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Concerns about Travelling to Africa
Concerns about Travelling to AfricaModule : Elephant Video 13
Most people want to go to Africa and it is high on people’s bucket lists all around the world. Those who have been to Africa swear by it and consistently rank it as one of the best things they’ve ever done. Yet some people still hesitate about going to Africa based off information or a stereotype that often can be incorrect.
The major reasons people don’t go to Africa, include:
Africa used to be a lot more difficult (and expensive) to get to from Australia than it is now. With a virtual monopoly on flights to and from Johannesburg (or even Sydney – Zimbabwe back in the day) the cost was often quite high indeed and made a trip to Africa an expensive proposition. Then the airline landscape changed and now there are many airlines flying into many capital cities all across Africa. From the traditional Australian and South African airlines heading into Johannesburg you also have the Middle East newcomers servicing East Africa and parts of Southern Africa. Add to that mix Asian airlines servicing both areas and suddenly you find that this competition means the cost has plummeted to costs similar as a flight to the USA. It is also roughly the same distance to Johannesburg from the east coast of Australia as Los Angeles is from the east coast meaning that it should be viewed the same. Gone are the days of 4 stops on the way to Kenya and long boat journeys. It is an accessible trip and one that is becoming easier and easier.
People are afraid of Africa and still view it as the dark continent or a place where danger lurks at every step. This danger usually comes in two forms as either the people or the animals.
Firstly, let’s look at the people aspect. Africa has a history of civil war and armed conflict, much in the same way a lot of countries in Europe have. The difference is that Africa is about three times bigger than Europe meaning that whatever war may be occurring in a country (most times in West Africa) it has little to no impact on a country the other side of Africa. The idea comes from the concept that all of Africa is “the same” with little knowledge of the differences of culture, the differences of history and geographical distance. Africa also suffers from the fear of the unknown. Whereas we might know someone from Serbia or Israel or Russia that makes the conflict there more human it is unlikely we know anyone from Liberia, Sierra Leone or Mali. This results in a “blend of countries” that smears the entire continent with the same brush. Whereas movies such as “Blood Diamond” are based in truth, an entire continent shouldn’t be crossed off because of one country’s troubles. People have no trouble travelling to Croatia and Bosnia because of the war 20 years ago but won’t go to Rwanda because of the same. The same applies to a disease outbreak in West Africa affecting all of Africa yet people won’t hesitate to travel to Hong Kong.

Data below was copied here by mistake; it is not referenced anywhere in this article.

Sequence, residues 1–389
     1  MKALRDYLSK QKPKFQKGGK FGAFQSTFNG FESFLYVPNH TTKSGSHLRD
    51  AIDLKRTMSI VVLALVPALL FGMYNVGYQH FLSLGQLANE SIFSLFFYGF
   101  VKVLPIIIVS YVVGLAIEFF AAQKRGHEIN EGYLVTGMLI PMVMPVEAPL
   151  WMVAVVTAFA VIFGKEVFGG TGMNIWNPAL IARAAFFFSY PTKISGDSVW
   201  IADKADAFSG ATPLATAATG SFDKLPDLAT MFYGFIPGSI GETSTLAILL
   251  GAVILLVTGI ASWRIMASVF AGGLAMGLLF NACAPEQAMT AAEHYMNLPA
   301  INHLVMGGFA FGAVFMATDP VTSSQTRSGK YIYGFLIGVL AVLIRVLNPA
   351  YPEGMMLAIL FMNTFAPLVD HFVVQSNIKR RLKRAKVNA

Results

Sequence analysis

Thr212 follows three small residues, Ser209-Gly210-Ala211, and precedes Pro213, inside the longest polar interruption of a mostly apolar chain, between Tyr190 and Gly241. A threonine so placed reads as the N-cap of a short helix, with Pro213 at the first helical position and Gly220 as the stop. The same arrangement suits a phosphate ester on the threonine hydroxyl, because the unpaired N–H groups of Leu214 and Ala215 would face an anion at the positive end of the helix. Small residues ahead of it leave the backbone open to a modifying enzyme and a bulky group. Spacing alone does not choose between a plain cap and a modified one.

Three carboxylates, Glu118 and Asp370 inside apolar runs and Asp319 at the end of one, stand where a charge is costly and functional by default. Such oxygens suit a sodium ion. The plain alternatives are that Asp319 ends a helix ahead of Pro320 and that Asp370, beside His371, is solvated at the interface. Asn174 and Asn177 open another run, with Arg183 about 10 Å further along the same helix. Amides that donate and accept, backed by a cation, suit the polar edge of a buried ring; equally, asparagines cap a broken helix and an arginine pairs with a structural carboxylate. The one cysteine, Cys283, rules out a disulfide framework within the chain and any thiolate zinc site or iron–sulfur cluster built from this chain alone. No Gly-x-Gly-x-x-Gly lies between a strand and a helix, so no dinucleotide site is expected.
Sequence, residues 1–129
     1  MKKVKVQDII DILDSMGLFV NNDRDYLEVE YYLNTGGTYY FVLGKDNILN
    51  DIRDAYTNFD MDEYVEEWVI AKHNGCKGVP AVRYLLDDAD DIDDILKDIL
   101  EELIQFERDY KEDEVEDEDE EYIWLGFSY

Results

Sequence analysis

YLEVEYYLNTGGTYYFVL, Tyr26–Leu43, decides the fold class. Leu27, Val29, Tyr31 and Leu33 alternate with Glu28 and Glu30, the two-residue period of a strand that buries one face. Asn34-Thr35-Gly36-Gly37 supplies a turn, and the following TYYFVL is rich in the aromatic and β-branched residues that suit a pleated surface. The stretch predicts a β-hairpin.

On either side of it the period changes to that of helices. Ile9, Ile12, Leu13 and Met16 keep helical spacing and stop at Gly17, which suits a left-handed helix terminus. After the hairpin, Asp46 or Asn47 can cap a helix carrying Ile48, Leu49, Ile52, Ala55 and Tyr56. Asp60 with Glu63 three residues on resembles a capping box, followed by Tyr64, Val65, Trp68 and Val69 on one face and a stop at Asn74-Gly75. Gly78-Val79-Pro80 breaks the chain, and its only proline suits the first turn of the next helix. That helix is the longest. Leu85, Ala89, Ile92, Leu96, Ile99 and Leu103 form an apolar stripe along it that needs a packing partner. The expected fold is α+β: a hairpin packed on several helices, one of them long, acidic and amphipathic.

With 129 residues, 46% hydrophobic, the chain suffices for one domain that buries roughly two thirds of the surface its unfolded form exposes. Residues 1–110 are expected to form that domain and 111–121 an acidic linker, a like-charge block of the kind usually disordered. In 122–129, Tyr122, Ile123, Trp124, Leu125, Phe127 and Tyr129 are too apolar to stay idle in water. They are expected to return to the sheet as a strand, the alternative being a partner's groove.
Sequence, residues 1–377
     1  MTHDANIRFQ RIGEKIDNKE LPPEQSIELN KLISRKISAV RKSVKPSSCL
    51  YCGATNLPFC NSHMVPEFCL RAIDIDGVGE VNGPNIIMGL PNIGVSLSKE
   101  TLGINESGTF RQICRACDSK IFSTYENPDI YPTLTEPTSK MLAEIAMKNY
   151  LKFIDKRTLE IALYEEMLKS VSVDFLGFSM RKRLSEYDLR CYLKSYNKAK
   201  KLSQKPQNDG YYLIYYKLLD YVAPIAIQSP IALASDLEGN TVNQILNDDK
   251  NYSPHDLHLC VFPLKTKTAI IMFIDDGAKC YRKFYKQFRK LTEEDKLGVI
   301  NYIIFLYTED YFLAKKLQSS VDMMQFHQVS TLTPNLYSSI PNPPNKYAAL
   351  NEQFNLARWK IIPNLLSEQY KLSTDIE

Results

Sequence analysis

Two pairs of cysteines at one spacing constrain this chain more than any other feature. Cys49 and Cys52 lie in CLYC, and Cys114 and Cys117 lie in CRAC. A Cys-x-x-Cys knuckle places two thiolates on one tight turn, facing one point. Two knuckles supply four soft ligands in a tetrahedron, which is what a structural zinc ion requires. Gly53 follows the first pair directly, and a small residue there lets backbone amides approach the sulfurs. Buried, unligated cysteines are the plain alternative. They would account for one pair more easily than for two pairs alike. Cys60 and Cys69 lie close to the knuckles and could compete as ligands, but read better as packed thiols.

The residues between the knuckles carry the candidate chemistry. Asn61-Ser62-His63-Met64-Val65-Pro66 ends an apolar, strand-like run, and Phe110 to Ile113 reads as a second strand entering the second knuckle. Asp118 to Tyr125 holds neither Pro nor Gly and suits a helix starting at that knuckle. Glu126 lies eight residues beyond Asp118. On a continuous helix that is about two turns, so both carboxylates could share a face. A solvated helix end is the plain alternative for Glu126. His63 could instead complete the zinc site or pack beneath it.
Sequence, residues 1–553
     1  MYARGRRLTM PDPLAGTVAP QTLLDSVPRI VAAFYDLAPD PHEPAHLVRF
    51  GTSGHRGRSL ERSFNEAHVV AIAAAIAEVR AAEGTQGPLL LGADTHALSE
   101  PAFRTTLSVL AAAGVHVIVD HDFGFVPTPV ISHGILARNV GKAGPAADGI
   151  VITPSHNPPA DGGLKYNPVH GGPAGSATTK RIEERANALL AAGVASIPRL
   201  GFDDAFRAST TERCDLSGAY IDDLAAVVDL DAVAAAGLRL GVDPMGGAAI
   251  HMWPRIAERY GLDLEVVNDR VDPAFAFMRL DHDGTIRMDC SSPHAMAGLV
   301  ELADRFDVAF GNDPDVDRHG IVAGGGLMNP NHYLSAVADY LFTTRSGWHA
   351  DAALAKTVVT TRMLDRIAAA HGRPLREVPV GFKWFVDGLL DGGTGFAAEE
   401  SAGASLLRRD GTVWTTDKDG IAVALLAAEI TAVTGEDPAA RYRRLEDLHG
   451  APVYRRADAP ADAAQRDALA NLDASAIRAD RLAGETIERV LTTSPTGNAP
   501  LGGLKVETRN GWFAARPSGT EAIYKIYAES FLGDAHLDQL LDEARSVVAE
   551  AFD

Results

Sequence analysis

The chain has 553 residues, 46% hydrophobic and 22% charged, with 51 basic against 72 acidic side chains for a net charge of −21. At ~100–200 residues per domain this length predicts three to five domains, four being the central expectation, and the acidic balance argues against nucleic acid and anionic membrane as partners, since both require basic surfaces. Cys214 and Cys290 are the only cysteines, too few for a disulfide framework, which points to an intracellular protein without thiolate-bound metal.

It is also worth pointing out that travel in Africa is different to travel in Europe. When visiting a European city you endeavour to spend as much time as possible in that city amongst the people and in its landmarks. In Africa you tend to do the opposite. You tend to spend an arrival or departure day in a hub city such as Johannesburg or Nairobi and (with the exception of Cape Town or Victoria Falls/ Livingstone) you usually spend the majority of your time in National Parks, private reserves and wilderness areas. You are removed from the day to day city life and are amongst the animals and scenery. Therefore you don’t have the risk of scams, pickpocketing and terrorist incidents you may come across in European cities. If you are spending time in African cities you aren’t venturing into the bad areas of the cities where crime may occur much in the same way you wouldn’t in Europe, the USA or even in your home area. When was the last time you went to Los Angeles for Disneyland and spent a week in South Central?